Beyond the whole Unix-Wars-are-icky aspect, I'm bringing this
here, to linux-elitists, because it's an illustration of some
moment that goes to what we've been talking about earlier
regarding support of video cards that offer accelarated OpenGL
performance--it's not just all about the games.
Perhaps DeLano's pitch to Apple may serve as a glimpse into
the same market for system integrators out there who want a
piece of the pricing premium that Apple is now poised to take.
 tip of the iceberg mentioned e.g. in passing here
----- Forwarded message from "D. Joe Anderson" <firstname.lastname@example.org> -----
Date: Mon, 16 Jan 2006 11:26:05 -0600
From: "D. Joe Anderson" <email@example.com>
Subject: Re: [PyMOL] Quadro-based 3D Mac Feedback
On Sat, Jan 14, 2006 at 04:51:21PM -0800, Warren DeLano wrote:
> The Quadro FX 4500-based PowerMac G5 is Steve Jobs' timely and direct
> answer [...]
> The UNIX-based Mac has become the robust, low-cost, well-supported, and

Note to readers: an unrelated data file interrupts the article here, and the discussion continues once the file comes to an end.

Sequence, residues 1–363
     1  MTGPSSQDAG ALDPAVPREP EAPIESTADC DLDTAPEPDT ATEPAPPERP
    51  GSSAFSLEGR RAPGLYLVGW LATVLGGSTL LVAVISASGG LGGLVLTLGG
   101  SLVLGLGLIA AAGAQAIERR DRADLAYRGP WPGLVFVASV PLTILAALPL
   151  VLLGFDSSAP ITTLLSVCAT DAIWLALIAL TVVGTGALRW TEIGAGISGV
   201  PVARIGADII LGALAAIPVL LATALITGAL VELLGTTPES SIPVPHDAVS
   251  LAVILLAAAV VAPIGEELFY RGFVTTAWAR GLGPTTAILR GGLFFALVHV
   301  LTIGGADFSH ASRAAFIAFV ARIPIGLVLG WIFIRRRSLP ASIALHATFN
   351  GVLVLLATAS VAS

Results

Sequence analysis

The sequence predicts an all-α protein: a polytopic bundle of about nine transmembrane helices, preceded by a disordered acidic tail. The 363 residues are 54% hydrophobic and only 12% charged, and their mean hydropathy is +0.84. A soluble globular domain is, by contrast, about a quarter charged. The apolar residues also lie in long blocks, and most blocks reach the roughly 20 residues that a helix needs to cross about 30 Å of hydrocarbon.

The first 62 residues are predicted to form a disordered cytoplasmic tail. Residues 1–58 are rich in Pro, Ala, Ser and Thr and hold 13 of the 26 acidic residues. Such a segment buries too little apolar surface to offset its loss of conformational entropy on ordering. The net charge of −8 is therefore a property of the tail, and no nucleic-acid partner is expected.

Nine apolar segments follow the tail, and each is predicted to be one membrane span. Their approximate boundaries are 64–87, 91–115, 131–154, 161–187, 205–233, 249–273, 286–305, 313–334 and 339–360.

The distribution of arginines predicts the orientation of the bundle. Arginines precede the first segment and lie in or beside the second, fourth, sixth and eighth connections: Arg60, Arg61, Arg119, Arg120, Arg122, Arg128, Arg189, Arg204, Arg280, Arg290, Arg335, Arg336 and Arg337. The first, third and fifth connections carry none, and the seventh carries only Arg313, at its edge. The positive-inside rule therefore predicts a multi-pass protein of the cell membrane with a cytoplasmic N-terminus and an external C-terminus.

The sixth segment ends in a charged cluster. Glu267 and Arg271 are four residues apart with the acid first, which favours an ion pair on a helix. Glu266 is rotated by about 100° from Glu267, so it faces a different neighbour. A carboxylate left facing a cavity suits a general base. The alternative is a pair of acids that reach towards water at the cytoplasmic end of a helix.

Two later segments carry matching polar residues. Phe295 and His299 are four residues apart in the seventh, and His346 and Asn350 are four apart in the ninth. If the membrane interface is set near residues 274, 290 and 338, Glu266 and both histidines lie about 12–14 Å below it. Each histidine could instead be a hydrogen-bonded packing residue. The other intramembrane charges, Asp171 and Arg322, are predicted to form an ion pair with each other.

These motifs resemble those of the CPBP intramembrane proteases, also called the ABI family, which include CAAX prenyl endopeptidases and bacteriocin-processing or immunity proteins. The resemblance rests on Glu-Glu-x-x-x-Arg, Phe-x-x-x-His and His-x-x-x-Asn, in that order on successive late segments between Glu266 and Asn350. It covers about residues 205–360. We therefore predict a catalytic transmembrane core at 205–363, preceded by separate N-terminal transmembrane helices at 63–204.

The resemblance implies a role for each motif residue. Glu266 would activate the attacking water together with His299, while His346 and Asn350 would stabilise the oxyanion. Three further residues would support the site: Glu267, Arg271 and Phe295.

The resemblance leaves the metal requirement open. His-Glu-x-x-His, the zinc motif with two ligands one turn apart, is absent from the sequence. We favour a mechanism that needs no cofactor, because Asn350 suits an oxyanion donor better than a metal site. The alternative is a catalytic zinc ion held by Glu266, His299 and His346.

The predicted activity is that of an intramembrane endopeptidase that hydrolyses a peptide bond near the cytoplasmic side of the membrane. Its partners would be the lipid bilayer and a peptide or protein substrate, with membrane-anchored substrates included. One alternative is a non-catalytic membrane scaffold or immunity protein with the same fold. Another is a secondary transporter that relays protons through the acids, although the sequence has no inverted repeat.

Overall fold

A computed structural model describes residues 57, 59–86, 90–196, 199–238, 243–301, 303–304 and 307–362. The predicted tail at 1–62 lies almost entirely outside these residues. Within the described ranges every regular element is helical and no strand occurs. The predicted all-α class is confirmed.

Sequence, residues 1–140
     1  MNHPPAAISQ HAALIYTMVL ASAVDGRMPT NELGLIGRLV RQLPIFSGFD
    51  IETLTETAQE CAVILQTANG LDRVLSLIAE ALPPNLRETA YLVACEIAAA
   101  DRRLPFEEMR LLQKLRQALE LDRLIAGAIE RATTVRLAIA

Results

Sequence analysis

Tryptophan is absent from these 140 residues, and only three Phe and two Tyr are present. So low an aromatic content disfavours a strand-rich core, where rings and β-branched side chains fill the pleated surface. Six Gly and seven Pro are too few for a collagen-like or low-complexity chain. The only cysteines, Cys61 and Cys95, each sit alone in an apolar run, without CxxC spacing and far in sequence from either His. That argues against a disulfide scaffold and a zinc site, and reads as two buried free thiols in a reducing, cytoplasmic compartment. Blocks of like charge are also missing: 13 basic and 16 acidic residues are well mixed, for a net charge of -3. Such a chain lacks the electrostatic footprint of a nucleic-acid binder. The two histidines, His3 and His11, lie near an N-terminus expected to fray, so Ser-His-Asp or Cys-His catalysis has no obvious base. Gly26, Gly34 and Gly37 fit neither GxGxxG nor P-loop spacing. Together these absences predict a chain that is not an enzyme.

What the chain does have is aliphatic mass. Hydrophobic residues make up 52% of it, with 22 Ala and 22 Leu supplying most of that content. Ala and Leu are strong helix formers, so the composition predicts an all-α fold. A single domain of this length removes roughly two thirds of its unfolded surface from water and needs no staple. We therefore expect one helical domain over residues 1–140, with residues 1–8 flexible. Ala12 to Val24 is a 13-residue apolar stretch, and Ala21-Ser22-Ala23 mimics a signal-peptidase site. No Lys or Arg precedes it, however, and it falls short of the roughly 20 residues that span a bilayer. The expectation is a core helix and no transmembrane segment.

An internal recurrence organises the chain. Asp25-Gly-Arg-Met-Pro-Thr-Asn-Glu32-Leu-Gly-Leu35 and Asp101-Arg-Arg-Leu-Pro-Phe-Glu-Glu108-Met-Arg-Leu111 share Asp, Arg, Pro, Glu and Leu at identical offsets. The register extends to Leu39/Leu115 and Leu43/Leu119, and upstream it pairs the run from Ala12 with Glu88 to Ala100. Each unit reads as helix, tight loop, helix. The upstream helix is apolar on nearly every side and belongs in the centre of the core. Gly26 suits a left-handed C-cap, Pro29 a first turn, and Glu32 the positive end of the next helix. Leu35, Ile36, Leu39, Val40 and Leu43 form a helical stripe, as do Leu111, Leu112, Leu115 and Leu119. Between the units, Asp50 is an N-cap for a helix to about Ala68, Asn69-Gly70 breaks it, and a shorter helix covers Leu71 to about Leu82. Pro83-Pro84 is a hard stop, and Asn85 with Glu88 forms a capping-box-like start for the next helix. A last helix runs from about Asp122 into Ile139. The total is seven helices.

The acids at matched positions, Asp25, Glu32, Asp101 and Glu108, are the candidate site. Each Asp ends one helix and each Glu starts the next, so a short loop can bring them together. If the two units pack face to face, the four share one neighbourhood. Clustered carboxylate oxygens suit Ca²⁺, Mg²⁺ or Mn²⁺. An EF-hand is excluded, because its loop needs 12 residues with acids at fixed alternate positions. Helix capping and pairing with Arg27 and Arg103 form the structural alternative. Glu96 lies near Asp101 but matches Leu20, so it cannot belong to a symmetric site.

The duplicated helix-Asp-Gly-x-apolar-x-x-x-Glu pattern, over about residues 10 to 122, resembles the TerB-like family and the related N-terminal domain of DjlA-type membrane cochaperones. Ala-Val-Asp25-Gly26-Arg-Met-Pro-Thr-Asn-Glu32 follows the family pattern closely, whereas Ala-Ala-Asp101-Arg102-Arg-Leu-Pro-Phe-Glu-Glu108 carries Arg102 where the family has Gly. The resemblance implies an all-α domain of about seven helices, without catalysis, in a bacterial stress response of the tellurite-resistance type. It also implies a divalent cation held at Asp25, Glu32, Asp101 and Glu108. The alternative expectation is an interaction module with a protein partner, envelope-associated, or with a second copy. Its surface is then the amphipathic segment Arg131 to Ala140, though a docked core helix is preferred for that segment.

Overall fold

> high-performance replacement for SGI workstations that Linux never
> delivered despite nearly a decade of opportunity and effort (including
> our own). Why does Linux fail with visualization?
> History shows that it takes an integrated hardware & operating systems
> vendor like Apple (or formerly SGI, or Sun) to deliver and maintain
> trouble-free OpenGL under UNIX. Apple is the world's leading UNIX
> vendor, and unlike with Linux, Mac hardware and operating systems are
> continuously integrated with cutting-edge OpenGL graphics cards.
> Has Apple in fact given us what you asked for? If so, then have you
> followed through with purchases? If not, then what are you waiting for?
> Is something crucial still missing? Please share your thoughts. We